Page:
DORSET County Council is investigating to see if horse meat has made it into school dinners.

The investigation comes after the growing scandal of horse meat sold in some supermarkets around the country.

Raids were conducted on an abbatoir and butcher in Wales and North Yorkshire yesterday in after concerns were raised about horse meat in burgers and kebabs. Waitrose has withdrawn its essential beef frozen meatballs because they were found to contain pork.

A Dorset County Council spokesperson said: “We have been asked by the Food Standards Agency to conduct an investigation into this matter.

“We have contacted our suppliers and are waiting for them to get back to us.”

However, both Bournemouth Borough Council and Hampshire County Council have already confirmed that none of the food served in the schools or council care homes they are responsible for has been affected.

Hampshire County Council provides around 8.5million meals each year to people in its care, some of whom are vulnerable.

Council leader Cllr Ken Thornber said: “As we are serving around 45,000 meals each day to Hampshire pupils, we have to be very sure about food safety.”

Community learning and commissioning resources manager Rachel Gravett of Bournemouth Borough Council said: “The supplier of the centrally-held school meals contract for the council has confirmed that there have been no contaminated products supplied to them through their core meat suppliers.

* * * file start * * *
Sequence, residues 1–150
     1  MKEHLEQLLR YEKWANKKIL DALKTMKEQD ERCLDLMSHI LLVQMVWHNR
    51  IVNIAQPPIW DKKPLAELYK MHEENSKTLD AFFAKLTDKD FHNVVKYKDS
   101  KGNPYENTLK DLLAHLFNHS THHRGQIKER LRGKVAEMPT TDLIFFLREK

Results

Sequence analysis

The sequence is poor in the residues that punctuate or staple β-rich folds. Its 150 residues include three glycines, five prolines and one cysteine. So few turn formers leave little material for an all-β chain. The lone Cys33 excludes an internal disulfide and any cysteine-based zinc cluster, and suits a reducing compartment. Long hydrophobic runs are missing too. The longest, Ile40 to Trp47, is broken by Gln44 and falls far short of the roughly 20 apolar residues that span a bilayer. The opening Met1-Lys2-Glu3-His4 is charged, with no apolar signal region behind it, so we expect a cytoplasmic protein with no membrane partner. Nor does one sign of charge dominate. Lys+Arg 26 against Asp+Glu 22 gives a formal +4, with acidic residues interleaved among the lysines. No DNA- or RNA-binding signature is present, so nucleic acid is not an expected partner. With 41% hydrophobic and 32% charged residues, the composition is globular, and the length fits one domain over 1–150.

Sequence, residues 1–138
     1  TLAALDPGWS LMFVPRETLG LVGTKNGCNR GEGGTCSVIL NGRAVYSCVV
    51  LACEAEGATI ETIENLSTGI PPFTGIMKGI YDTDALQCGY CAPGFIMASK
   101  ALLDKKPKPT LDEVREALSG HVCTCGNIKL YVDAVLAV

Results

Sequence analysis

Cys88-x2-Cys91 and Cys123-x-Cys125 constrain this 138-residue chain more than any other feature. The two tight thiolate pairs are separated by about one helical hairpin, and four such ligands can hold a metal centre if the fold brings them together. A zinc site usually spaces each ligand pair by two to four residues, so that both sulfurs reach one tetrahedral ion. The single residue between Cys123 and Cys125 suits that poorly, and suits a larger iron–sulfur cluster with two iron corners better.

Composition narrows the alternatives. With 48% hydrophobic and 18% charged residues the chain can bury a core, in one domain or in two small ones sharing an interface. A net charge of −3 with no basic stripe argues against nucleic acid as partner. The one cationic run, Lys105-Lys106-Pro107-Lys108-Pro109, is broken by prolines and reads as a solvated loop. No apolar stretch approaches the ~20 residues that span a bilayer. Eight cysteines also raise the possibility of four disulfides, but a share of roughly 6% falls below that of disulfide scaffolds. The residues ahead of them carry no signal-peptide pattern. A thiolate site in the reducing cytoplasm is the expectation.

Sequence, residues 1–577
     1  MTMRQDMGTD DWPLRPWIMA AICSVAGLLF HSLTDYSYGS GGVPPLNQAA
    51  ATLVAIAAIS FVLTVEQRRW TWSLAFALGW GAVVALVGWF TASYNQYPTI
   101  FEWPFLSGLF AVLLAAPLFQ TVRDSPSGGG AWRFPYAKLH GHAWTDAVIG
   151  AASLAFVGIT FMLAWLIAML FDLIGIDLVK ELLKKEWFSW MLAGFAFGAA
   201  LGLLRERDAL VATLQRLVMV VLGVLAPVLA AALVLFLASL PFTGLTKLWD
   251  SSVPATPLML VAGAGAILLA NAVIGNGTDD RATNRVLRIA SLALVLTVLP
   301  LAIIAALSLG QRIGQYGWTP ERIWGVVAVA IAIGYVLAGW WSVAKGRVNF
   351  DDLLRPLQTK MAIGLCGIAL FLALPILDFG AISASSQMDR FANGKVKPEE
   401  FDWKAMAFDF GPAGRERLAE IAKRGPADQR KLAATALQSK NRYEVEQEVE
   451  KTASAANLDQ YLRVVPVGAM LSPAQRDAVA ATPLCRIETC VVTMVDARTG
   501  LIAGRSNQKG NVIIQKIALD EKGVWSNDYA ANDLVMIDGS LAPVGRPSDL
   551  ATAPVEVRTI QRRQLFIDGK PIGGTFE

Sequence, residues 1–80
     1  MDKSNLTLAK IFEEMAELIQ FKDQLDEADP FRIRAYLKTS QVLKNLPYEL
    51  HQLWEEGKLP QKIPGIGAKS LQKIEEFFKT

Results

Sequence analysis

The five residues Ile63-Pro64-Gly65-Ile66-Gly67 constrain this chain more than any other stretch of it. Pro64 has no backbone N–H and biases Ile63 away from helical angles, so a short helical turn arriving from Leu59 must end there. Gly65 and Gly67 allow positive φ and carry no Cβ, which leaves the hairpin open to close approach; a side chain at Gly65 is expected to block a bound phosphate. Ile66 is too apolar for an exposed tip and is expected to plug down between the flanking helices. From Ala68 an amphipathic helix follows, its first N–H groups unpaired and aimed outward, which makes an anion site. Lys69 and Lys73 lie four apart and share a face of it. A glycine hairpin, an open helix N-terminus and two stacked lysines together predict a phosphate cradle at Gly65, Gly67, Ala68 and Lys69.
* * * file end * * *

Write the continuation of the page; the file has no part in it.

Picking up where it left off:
“Their products are UK sourced and produced.”

Borough of Poole executive catering manager Tina Hayter said: “All meat used to prepare schools meals in Poole is locally sourced and supplied by an accredited and approved supplier.

“We do not use any processed meat in our school meals. All meat is supplied fresh and is prepared in our own kitchen.”

But Branksome butcher Steve Whitemore, who owns Whitemore’s Butchers in Poole Road, said the problem may be more widescale than is being revealed.

“I think these big chains saying they don’t know anything about it is rubbish,” he said.

“There are a number of rules and regulations in place throughout the process to make sure everything is as it should be.

“After the BSE crisis, they brought in a new legislation that ensures all beef has full traceability.

“By law, every bit of beef needs to have information about the country of origin, the slaughter date, the batch code and more. So what happened there?”

He added: “The other worrying thing is that we are only being told about two items – burgers and lasagne. But what about other products on the shelves?

“How do we know that a chicken pie is actually made up of a chicken, and not something else, like rabbit?

“Once the item is packaged up and there’s a sauce to hide the flavour, you’d never know.”